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Introduction to Ear Training

Introduction to Ear Training:  How To Play What You Hear

If you can sing what you are hearing, you can then begin to find the notes on your instrument.

I’ve always had a good ear, and good feeling, for music. I was lucky to be born into a family where my parents sang all the time, and where I got to hear a wide variety of music from a very early age. I believe that there are many different kinds of intelligence, and that musical intelligence is one kind.

I had the opportunity to learn drums when I was 9, and my parents gifted me with piano lessons when I was 12. When I was 13, my interest shifted to guitar. My mother arranged for me to have lessons with a classical guitarist named Joe Dugdale who played at pubs and restaurants around Nanaimo, B.C. When I went for my first lesson, Joe said: “so, what do you want to learn?” I told him that I wanted to learn Classical Gas by Mason Williams. “He said that’s not easy to play!” When I told him that I wanted to try it anyway, he proceeded to teach me. He also gave me a tab of the song.  I still play Classical Gas once or twice a year just for fun. If I work hard at it, I can get it right.

Joe Dugdale also gave me my introduction to ear training. When I told him that I wanted to learn songs by Cream and Led Zeppelin, he showed me how to slow my record player down to 16 rpm, so that my 33 rpm records would play at half speed. The sound was one octave lower, but still in the same key. He would point out the sound of Jimmy Page’s vibrato, which is various obvious at half speed.  (Vibrato is a slight, rapid change of the pitch in the note produced by moving the string up and down, as a violinist might do, or side to side, as some blues players prefer.)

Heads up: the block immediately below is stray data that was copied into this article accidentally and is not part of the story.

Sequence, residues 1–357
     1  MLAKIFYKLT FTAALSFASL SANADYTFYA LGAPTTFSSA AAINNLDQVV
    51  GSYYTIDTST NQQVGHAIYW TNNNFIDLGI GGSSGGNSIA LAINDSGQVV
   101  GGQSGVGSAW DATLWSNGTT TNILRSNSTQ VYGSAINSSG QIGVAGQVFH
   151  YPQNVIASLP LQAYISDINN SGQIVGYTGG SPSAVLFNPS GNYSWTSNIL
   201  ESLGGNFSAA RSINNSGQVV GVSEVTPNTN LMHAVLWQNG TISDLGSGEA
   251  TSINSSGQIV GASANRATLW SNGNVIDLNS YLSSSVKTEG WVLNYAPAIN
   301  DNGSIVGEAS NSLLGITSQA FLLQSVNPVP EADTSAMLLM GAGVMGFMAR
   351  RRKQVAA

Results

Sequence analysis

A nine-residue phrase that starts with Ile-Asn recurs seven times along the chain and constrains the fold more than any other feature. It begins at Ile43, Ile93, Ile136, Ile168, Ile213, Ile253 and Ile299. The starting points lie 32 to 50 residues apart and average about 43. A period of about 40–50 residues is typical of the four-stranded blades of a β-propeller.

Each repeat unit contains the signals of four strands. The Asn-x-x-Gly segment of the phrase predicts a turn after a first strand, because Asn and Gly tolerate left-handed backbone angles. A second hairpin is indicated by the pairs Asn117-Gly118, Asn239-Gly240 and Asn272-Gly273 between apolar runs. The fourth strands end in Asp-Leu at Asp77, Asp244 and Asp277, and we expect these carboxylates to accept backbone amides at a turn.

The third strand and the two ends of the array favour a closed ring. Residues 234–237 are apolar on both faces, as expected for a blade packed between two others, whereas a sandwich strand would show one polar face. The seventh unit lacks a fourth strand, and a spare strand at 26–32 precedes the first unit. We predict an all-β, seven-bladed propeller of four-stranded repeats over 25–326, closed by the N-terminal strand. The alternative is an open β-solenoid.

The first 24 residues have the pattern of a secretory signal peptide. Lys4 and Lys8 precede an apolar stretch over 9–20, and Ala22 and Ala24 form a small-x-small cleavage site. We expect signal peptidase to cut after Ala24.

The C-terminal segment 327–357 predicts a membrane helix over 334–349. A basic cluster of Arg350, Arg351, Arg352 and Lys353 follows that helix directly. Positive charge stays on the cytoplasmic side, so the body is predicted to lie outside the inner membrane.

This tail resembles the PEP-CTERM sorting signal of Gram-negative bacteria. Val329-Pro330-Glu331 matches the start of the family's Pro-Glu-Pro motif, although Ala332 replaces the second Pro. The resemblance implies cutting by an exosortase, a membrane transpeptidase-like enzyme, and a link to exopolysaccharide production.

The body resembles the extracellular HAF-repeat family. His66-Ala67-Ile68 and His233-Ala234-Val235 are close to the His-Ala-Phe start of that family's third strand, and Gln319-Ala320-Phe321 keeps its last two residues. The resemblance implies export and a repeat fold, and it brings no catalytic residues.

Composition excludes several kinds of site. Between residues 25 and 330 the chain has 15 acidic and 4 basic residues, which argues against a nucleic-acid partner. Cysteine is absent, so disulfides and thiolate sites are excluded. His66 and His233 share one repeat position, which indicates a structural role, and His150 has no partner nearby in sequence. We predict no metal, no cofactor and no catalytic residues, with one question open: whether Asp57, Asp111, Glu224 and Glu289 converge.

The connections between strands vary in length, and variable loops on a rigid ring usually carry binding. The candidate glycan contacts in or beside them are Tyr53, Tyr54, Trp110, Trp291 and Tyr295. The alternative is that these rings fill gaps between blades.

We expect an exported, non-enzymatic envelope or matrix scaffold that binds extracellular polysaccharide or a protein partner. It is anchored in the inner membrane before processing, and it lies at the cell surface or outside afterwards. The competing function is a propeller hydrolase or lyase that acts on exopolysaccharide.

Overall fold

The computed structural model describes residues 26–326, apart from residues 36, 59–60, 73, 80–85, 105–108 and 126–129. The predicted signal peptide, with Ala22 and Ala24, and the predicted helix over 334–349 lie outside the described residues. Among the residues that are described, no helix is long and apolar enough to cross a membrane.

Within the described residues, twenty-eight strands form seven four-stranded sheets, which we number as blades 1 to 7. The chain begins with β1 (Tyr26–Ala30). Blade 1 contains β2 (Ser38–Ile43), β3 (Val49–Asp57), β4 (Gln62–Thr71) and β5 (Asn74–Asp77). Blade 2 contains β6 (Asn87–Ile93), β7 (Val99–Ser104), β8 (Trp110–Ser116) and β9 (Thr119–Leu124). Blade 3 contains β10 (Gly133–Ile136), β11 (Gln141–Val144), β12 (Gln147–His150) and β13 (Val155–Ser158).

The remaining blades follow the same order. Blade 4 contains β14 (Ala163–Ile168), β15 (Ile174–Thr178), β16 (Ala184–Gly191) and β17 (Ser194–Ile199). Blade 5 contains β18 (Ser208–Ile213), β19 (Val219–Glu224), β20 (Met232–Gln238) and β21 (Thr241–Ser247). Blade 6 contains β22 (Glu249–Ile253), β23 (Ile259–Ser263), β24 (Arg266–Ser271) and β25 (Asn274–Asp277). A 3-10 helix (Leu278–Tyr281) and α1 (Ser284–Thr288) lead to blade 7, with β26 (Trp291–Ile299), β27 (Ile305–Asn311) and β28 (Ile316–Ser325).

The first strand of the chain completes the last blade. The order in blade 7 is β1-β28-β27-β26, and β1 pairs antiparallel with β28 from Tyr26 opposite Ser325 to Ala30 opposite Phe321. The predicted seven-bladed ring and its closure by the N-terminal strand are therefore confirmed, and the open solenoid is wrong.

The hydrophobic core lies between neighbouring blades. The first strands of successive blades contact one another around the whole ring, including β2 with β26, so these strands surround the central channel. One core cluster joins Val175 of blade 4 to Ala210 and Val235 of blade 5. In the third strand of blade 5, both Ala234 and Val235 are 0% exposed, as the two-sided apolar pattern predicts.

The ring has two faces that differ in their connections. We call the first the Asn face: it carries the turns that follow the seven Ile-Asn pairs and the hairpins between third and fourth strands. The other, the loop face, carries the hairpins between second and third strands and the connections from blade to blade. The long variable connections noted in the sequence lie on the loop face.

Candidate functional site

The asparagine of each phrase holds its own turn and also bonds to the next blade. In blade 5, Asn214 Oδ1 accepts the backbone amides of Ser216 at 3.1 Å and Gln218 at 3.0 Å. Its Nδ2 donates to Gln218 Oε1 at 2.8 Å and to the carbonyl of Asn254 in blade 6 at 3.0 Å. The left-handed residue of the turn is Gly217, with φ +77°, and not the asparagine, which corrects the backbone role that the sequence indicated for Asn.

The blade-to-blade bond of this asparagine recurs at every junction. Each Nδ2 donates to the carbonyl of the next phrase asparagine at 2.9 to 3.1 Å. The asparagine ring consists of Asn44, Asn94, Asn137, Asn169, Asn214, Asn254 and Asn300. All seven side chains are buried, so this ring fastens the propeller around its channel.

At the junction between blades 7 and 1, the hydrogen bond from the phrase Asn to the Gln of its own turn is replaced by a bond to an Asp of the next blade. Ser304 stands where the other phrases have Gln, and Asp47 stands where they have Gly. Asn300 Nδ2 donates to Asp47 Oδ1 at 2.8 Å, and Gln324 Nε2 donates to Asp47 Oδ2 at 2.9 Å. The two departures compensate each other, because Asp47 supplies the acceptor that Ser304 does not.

He showed me how I could find the same notes in different positions on the guitar, so that a solo, or a chord progression, might be played in three or four different ways.  Some songs, or parts of songs, can be played more easily in some positions than in others.

He also told me that if I could sing what I was hearing, I would be able to find the notes on the guitar (this applies to other instruments as well). This simple method, of listening to the notes, singing along with the notes, and finding them on the guitar, became the basis for my ear training. In this way, I learned how to play guitar solos from songs like Stairway To Heaven, and Sunshine Of Your Love. I’ve since learned to play many songs this way. Now, with most pop songs, if I hear the song once or twice, I can already play it. In many cases, I already know what key the song is in, before I pick up the guitar.  As you can imagine, there are many levels of this ability.  I do it as a mental exercise everywhere I go.

The process of slowing things down to half speed is now available with a variety of digital applications. You can then hear the music at half speed. It’s much easier to learn things correctly that way.

I went on to take an ear training course in college later, and, what I had learned from Joe Dugdale made the class easy for me. I’ll share more later, about how I have come to use this understanding with people who can’t hear pitch accurately, or who can’t sing along with the pitch easily. Some people call this “tone deafness”, but personally, I think it’s largely a lack of understanding of how we can use our voices and hearing. There may be some genuine cases of “tone deafness”, but for most people, it’s a question of developing sensitivity.

Increase the quality of music in your life!

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